The trailhead for East Side Trail is nearly opposite that for Sugarloaf Mountain, so if you're making the long 8-mile drive up gravel Nash Stream Road to climb Sugarloaf, a 52 With a View Peak (as is North Percy), the East Side Trail makes a nice easy second hike for the day. Thanks to all the volunteers who have created and maintain the Cohos Trail, a unique and wonderful addition to New Hampshire's hiking trail system!

Saturday, August 13, 2016


On one of the hottest days of the summer, Carol and I did some geocaching with friends and then on our own, after which I spent a few hours checking out Irene relocations on the Highwater Trail while Carol lounged by the Wild River.

With our geocaching friends Pam and Sue, we found two tricky geocaches on the Presidential Rail Trail off Dolly Copp Road.

The Rail Trail was bursting with midsummer flowers. I believe these are Common Tansy, an escaped European garden flower, and a member of the aster family.

Black-eyed Susan and perhaps a red-orange variant.

This part of the Rail Trail has fine views. Lower Howker Ridge and Mount Madison rise beyond a beaver wetland.

Eastern view to Pine Mountain, Mount Moriah and North Carter.

While up on Randolph Hill checking out the start of the Bee Line, it was nice to see the RMC's Boothman Spring Cutoff officially signed and open again.

After a stop in Gorham we headed over Routes 2 and 113 to the WMNF Wild River Road and the north end of the Highwater Trail to find a couple more geocaches.

We crossed the major bridge over the Wild River at the north end of the Highwater Trail, which replaced a previous span swept away by Tropical Storm Irene.The ledges of The Roost can be seen at upper left.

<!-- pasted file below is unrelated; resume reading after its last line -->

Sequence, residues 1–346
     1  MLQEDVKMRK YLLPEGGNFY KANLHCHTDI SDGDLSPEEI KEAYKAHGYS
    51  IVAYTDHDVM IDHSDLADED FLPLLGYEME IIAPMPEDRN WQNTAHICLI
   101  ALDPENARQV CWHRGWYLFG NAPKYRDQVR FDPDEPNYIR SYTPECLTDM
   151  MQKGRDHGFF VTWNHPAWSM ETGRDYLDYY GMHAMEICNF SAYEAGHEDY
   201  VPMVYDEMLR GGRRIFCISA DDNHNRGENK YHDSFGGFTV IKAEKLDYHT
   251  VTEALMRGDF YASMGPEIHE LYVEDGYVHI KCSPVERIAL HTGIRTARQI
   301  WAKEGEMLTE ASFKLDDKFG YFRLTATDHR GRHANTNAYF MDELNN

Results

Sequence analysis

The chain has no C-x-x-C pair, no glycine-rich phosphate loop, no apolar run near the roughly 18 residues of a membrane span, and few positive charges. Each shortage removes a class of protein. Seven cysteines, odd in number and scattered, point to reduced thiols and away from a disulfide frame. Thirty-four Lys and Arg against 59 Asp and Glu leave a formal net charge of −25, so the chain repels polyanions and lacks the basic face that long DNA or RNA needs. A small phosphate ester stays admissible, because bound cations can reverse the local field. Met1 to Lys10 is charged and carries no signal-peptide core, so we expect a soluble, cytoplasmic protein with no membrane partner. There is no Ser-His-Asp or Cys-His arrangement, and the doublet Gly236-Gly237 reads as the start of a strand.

We then drove five miles up the Wild River Road to the Shelburne Trail. This is the crossing of the Wild River near the start of the trail. Crocs came in handy and the water felt good! Carol has a balky knee so she read a book by the river while I hiked partway up and down the Highwater Trail to check out six short Irene relocations.

Cairns mark the way as the Shelburne Trail follows a confusing route through stony brookbeds.

I headed north for a mile on Highwater Trail and enjoyed this downstream vista from an open bank.

A long view upstream from the same spot.

Tropical Storm Irene wiped out a few sections of trail. Within the last couple of years the Androscoggin Ranger District trail crew made the half-dozen relocations around the washed-out areas.

Hobblebush leaves were drooping due to the current drought conditions.

Heading back to the south on Highwater Trail, some gymnastics were required to start the crossing of Bull Brook.

Bull Brook drains a big valley on the east side of Mount Moriah, but was almost bone dry today.

More fine riverside vistas.

A placid channel on the Wild River.

A view downstream to Howe Peak, an eastern spur of Shelburne Moriah Mountain.

Here Irene cut away the bank on the east side.

The huge flat ledge in the center of the photo is a popular sunning and swimming spot.

Lots of fine woods walking on the Highwater Trail.

I continued south to the Moriah Brook Trail junction to check out the bridge situation.

The WMNF closed the bridge last fall due to continuing erosion on the east bank, started by Irene. Options for this crossing are currently under consideration, info can be found on the WMNF website.

The supports on the east side of the bridge have been severely undermined.

On the way back I took a short break at this huge rocky outwash.

A narrow stretch of trail along the riverbank - a future relocation farther away from the river will probably be needed here.

On the way back I made a short bushwhack to a beautiful beaver meadow just inside the Wild River Wilderness.

Lots of Steeplebush (aka Hardhack) was blooming here.

A forest pool shaded by tall maples.

A pretty scene beside the meadow.

Nice woods for whacking.

We took a drive out by the historic Philbrook Farm Inn on North Road in Shelburne, which has been welcoming guests since 1861. The inn has a long association with hiking and several trails to lower peaks in the southern Mahoosucs start on its grounds.

Shelburne Moriah Mountain from the front of the inn.